Ox Cheek Rendang

Recipe for Beef Rendang

Beef rendang is a rich curry of Indonesian origin, primarily flavoured using coconut milk, kerisik (browned coconut) and lemongrass. Usually made using cubed stewing beef, this recipe for Ox Cheek Rendang runs with the dish’s intensely flavourful credentials, making use of what is arguably the finest cut of meat for slow-cooking.

Served on special occasions in Malaysia, Indonesia and Singapore beef (or ox cheek) rendang is a dish that takes time, patience and understanding. The more of each of these you give your curry, the better it’ll taste.

In my mind, key to an outrageously successful rendang is the addition of kerisik, or light browned coconut. Traditionally speaking kerisik would always be made with freshly grated coconut, but since you’re drying it out anyway desiccated works just fine.

What the kerisik does, other than add extraordinary flavour, is to help soak up and lock-in surplus moisture in the curry, giving your rendang its trademark thick, unctuous look. But the coconut doesn’t stop there; coconut milk helps sweeten and enrich the recipe, adding fat and contributing greatly to its overall flavour.

Recipe for Ox Cheek Rendang

Ox cheek is simply divine and my favourite cut of meat from any animal. Once you’ve tried it, it’ll be difficult to go back; the way the meat almost melts in your mouth is inimitable. For more ways to make use of this under-appreciated cut, see my recipes for Ox Cheek Goulash and Ale Braised Ox Cheek.

Ox Cheek Rendang

Serves 4-6


for the paste:

  • 3 shallots, roughly chopped
  • 3 cloves of garlic
  • 1 thumb-sized chunk of ginger
  • 10 dried chillies, soaked and de-seeded
  • 1 lemongrass shoot

for the curry:

  • 3 tbsp sunflower oil
  • 1 star anise
  • 3 cloves
  • 5 cardamom pods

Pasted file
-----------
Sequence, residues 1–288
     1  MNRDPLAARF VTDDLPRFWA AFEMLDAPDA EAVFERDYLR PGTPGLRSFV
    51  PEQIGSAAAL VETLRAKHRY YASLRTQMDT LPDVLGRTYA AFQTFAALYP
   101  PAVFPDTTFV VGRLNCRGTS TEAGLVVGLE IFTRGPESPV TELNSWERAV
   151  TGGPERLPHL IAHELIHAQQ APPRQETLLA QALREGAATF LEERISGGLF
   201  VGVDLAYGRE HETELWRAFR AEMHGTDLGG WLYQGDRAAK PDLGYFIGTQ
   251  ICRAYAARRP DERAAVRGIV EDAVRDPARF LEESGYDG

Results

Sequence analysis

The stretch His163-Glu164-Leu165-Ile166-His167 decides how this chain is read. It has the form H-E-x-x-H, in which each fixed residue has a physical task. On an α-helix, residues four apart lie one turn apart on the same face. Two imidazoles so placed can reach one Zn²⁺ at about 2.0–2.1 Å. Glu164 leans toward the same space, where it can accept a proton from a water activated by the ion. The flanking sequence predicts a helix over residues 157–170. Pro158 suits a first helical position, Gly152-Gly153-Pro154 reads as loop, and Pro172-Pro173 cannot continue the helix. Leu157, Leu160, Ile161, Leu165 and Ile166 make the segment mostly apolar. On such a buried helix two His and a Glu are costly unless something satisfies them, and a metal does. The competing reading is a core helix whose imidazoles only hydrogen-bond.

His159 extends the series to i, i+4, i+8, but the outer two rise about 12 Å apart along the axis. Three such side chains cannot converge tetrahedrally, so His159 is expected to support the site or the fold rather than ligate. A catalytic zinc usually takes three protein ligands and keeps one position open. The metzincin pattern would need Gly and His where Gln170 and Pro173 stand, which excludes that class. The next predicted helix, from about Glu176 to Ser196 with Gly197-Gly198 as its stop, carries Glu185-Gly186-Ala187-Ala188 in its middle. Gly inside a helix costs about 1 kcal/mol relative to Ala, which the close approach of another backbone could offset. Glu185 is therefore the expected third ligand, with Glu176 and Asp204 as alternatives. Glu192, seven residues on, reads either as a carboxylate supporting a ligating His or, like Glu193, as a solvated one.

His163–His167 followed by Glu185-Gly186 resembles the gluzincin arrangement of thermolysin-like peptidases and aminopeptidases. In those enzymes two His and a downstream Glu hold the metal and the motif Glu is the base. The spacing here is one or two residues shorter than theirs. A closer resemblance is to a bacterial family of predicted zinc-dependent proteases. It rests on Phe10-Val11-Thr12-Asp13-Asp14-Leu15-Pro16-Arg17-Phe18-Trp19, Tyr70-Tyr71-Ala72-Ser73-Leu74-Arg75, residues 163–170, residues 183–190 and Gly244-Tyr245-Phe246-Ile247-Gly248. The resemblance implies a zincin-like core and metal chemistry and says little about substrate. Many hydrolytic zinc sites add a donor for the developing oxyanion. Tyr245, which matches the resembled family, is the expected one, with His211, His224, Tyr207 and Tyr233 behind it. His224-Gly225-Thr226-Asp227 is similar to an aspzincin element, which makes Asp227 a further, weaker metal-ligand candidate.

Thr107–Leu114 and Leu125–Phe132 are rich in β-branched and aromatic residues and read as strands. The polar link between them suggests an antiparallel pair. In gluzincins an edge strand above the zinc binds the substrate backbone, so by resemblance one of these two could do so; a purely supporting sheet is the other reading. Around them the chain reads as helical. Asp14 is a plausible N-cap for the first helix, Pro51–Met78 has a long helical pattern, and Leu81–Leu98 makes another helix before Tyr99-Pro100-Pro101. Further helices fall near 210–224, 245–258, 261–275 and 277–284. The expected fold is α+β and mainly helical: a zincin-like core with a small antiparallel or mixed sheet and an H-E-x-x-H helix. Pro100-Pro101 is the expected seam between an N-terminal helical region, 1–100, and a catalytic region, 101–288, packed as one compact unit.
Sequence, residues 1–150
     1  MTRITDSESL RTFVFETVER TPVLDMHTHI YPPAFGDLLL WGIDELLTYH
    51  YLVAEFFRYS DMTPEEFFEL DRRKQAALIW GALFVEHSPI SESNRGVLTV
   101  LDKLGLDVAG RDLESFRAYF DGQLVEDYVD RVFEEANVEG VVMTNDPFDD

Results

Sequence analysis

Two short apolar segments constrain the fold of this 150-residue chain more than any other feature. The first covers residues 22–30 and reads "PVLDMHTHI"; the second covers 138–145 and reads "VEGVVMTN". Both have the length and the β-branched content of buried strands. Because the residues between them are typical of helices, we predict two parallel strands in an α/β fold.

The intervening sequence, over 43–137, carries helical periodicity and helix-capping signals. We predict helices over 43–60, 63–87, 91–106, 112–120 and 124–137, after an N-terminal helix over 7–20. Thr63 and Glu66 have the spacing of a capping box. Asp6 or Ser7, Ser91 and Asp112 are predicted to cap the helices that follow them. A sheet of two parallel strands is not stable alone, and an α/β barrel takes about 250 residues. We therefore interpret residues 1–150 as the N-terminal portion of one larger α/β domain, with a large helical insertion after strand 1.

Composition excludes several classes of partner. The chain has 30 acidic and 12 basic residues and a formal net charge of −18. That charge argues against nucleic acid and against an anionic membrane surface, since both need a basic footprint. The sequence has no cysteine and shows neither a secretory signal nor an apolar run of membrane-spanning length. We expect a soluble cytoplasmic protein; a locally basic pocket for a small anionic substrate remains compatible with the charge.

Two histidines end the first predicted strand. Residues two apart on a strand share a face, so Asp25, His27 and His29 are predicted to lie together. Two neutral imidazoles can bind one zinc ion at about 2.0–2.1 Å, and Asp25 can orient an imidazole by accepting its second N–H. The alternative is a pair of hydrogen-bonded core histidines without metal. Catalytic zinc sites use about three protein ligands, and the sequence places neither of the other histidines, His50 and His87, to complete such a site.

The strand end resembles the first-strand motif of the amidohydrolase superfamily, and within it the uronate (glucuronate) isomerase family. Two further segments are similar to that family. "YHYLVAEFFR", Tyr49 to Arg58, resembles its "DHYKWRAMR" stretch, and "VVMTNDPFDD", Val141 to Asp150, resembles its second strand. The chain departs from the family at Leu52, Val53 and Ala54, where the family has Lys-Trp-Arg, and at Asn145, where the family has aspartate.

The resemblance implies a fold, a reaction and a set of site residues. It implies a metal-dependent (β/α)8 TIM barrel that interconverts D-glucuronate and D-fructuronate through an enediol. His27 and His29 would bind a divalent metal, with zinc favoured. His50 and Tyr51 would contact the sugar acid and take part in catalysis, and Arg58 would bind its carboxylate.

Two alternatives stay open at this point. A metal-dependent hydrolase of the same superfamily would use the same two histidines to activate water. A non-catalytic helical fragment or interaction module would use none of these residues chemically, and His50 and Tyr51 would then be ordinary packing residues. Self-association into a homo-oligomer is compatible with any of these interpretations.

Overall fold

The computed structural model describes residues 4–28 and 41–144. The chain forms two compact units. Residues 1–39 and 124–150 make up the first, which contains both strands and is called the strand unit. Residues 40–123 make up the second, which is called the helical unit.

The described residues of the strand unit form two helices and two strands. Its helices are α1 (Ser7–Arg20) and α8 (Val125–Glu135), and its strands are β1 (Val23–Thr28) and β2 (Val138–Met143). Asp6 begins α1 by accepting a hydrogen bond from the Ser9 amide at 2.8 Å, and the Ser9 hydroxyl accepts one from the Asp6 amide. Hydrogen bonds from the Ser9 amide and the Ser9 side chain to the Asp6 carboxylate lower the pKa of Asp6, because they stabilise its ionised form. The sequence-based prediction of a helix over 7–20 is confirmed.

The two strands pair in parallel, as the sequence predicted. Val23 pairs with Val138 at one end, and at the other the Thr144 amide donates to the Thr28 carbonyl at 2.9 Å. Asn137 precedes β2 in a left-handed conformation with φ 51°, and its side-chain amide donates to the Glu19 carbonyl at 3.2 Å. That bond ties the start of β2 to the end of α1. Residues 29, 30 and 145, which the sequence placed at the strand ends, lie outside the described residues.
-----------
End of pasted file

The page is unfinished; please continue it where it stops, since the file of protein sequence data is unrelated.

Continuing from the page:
• 1 inch piece of cinnamon bark
  • 700g ox cheek, in large pieces
  • 1 lemongrass shoot, tough outer removed and finely chopped
  • 200ml coconut milk
  • 200ml water
  • 1 tbsp tamarind, soaked and pips removed
  • 8 kaffir lime leaves
  • 1 tbsp soft brown/palm sugar
  • 6 tbsp desiccated coconut (kerisik), lightly browned
  • salt, to taste


  1. Pop all the ingredients for the paste into a food processor and whizz until smooth.
  2. Heat the oil in a large pan and gently saute the prepared paste along with the star anise, cloves, cardamom pods and cinnamon bark.
  3. After 2 minutes tip in the pieces of ox cheek and brown on all sides. Once browned add the lemongrass, coconut milk, water, tamarind, lime leaves, sugar and kerisik.
  4. Make sure everything is well combined before reducing the heat to a gentle simmer, cover with the lid and cook slowly for 2-3 hours.
  5. After 2-3 hours the excess moisture should have been soaked up, but if it hasn’t simply remove the lid and allow to reduce a little. Season to taste and serve with rice.

Beef Rendang Recipe Ox Cheek Rendang Recipe

Cost: The ingredients list for this dish may seem extensive and expensive, but you have to remember that ox cheek is one of the cheaper cuts. Avoiding anywhere too expensive you should be able to source the meat for as little as £4.